It was my understanding based on some other threads that performance will degrade once shards are greater than 10g. If that is not true then I will just stick with the 5 shards and 1 replica setup.

Lee

"It doesn't matter whether you are liberal or conservative, but it's dangerous to always think with exclamation points instead of question marks."
by Marty Beckerman

On Wed, Jan 19, 2011 at 1:22 PM, Shay Banon shay.banon@elasticsearch.com wrote:

The 5 shards default allow you to grow up to 5 nodes in terms of index capacity, and in terms of improving search capacity, you can simply dynamically add more replicas to the cluster. So, with a 5 shard 1 replica option, you will max out on 10 nodes (nothing will be left to be allocated to the 11th node if started).

Sounds like you are planning on growing from 1-2 nodes to 3, this is still well below the capacity provided by 5 shards and 1 replica. A 12gb index is not a big one.

-shay.banon
On Wednesday, January 19, 2011 at 7:39 PM, Clinton Gormley wrote:

Hi Lee

In that case, here is my plan for increasing my shard count:

  1. Spin up a new ES server but make sure it doesn't join the existing
    server as a node.
  2. Pull the list of documents from my data and then get the documents
    from the existing ES server and put them on the new one.
  3. Once all the data is in the new ES server, shutdown the older one
    wipe its data and then start it up as a new node to join the new ES
    server.

Alternatively, instead of messing with a new server, you could:

  • create a new index 'new_index_timestamp' on the same ES server
  • index from 'my_index' to 'new_index_timestamp'
  • delete 'my_index'
  • create alias 'my_index' pointing to 'new_index_timestamp'

The benefit of switching to using aliases is that it will make it easier
to make changes to your index in the future.

clint


(Lee Parker) #6

We do regularly sort the results using a field we call date which contains a
unix timestamp as an integer. we are already experiencing slow results from
a filtered and sorted query. If we currently have about 60G of data, which
we do filtered and sorted queries against regularly, should we plan to use a
greater number of shards?

Lee

"It doesn't matter whether you are liberal or conservative, but it's
dangerous to always think with exclamation points instead of question
marks."
by Marty Beckerman
On Thu, Jan 20, 2011 at 10:18 AM, Shay Banon
shay.banon@elasticsearch.comwrote:

It really depends what you plan to do with it. They can certainly be
bigger than 10gb, if you use things like facets or sorting, the values of
the field per doc will be loaded to memory, which means that you might need
more memory as the shard doc count grows, but that is linear growth, that
can be easily derived from some capacity planning down on a smaller size.

-shay.banon

On Thursday, January 20, 2011 at 4:01 PM, Lee Parker wrote:

It was my understanding based on some other threads that performance will
degrade once shards are greater than 10g. If that is not true then I will
just stick with the 5 shards and 1 replica setup.

Lee

"It doesn't matter whether you are liberal or conservative, but it's
dangerous to always think with exclamation points instead of question
marks."
by Marty Beckerman
On Wed, Jan 19, 2011 at 1:22 PM, Shay Banon shay.banon@elasticsearch.comwrote:

The 5 shards default allow you to grow up to 5 nodes in terms of index
capacity, and in terms of improving search capacity, you can simply
dynamically add more replicas to the cluster. So, with a 5 shard 1 replica
option, you will max out on 10 nodes (nothing will be left to be allocated
to the 11th node if started).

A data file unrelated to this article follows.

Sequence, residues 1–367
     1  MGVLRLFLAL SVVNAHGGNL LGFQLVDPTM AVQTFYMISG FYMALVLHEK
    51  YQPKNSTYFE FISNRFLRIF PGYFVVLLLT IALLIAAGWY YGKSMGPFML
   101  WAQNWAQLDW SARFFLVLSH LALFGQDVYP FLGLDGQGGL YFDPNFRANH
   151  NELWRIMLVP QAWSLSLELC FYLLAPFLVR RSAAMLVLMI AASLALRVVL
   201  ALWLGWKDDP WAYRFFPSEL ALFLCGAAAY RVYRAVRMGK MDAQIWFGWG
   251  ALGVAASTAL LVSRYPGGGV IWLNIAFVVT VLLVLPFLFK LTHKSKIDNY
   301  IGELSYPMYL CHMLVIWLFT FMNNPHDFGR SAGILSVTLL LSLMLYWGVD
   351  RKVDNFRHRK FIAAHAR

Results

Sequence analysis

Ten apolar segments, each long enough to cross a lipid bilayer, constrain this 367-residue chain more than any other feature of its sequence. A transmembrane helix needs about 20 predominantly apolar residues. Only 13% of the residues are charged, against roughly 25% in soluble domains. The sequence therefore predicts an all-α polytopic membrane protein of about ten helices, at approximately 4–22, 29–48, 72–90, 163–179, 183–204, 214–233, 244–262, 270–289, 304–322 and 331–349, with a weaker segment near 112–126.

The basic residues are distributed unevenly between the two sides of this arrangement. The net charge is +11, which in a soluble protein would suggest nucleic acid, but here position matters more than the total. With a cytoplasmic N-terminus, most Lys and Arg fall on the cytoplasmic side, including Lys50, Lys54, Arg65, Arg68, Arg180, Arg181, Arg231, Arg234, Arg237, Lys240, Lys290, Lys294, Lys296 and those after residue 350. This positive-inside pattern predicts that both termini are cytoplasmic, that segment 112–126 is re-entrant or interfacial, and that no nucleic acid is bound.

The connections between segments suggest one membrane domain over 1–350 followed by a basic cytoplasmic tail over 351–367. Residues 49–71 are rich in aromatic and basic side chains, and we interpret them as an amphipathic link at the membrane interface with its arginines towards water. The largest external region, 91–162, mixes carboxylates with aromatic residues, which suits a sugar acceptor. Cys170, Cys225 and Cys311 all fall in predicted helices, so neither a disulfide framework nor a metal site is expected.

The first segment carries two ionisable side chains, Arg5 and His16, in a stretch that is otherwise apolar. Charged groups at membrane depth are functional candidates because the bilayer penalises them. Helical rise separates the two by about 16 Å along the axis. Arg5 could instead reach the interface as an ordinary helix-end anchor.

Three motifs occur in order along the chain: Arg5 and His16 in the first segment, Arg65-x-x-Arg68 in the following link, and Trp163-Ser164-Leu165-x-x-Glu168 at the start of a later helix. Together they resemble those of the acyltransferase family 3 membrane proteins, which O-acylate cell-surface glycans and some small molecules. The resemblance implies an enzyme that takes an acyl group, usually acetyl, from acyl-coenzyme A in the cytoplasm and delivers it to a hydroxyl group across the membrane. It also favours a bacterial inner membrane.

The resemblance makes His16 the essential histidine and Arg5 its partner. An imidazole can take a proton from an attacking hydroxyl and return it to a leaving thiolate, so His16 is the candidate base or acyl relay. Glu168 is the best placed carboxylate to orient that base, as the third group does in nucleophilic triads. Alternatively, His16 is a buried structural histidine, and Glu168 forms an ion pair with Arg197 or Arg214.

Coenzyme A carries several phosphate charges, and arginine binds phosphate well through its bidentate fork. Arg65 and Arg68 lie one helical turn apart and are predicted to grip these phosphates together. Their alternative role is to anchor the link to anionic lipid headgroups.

Sounds like you are planning on growing from 1-2 nodes to 3, this is still
well below the capacity provided by 5 shards and 1 replica. A 12gb index is
not a big one.

-shay.banon

On Wednesday, January 19, 2011 at 7:39 PM, Clinton Gormley wrote:

Hi Lee

In that case, here is my plan for increasing my shard count:

  1. Spin up a new ES server but make sure it doesn't join the existing
    server as a node.
  2. Pull the list of documents from my data and then get the documents
    from the existing ES server and put them on the new one.
  3. Once all the data is in the new ES server, shutdown the older one
    wipe its data and then start it up as a new node to join the new ES
    server.

Alternatively, instead of messing with a new server, you could:

  • create a new index 'new_index_timestamp' on the same ES server
  • index from 'my_index' to 'new_index_timestamp'
  • delete 'my_index'
  • create alias 'my_index' pointing to 'new_index_timestamp'

The benefit of switching to using aliases is that it will make it easier
to make changes to your index in the future.

clint


(Shay Banon) #7

As long as you plan to add more capacity when it comes to number of servers/nodes.
On Thursday, January 20, 2011 at 6:36 PM, Lee Parker wrote:

We do regularly sort the results using a field we call date which contains a unix timestamp as an integer. we are already experiencing slow results from a filtered and sorted query. If we currently have about 60G of data, which we do filtered and sorted queries against regularly, should we plan to use a greater number of shards?

Lee

"It doesn't matter whether you are liberal or conservative, but it's dangerous to always think with exclamation points instead of question marks."
by Marty Beckerman

On Thu, Jan 20, 2011 at 10:18 AM, Shay Banon shay.banon@elasticsearch.com wrote:

It really depends what you plan to do with it. They can certainly be bigger than 10gb, if you use things like facets or sorting, the values of the field per doc will be loaded to memory, which means that you might need more memory as the shard doc count grows, but that is linear growth, that can be easily derived from some capacity planning down on a smaller size.

-shay.banon
On Thursday, January 20, 2011 at 4:01 PM, Lee Parker wrote:

It was my understanding based on some other threads that performance will degrade once shards are greater than 10g. If that is not true then I will just stick with the 5 shards and 1 replica setup.

Lee

"It doesn't matter whether you are liberal or conservative, but it's dangerous to always think with exclamation points instead of question marks."
by Marty Beckerman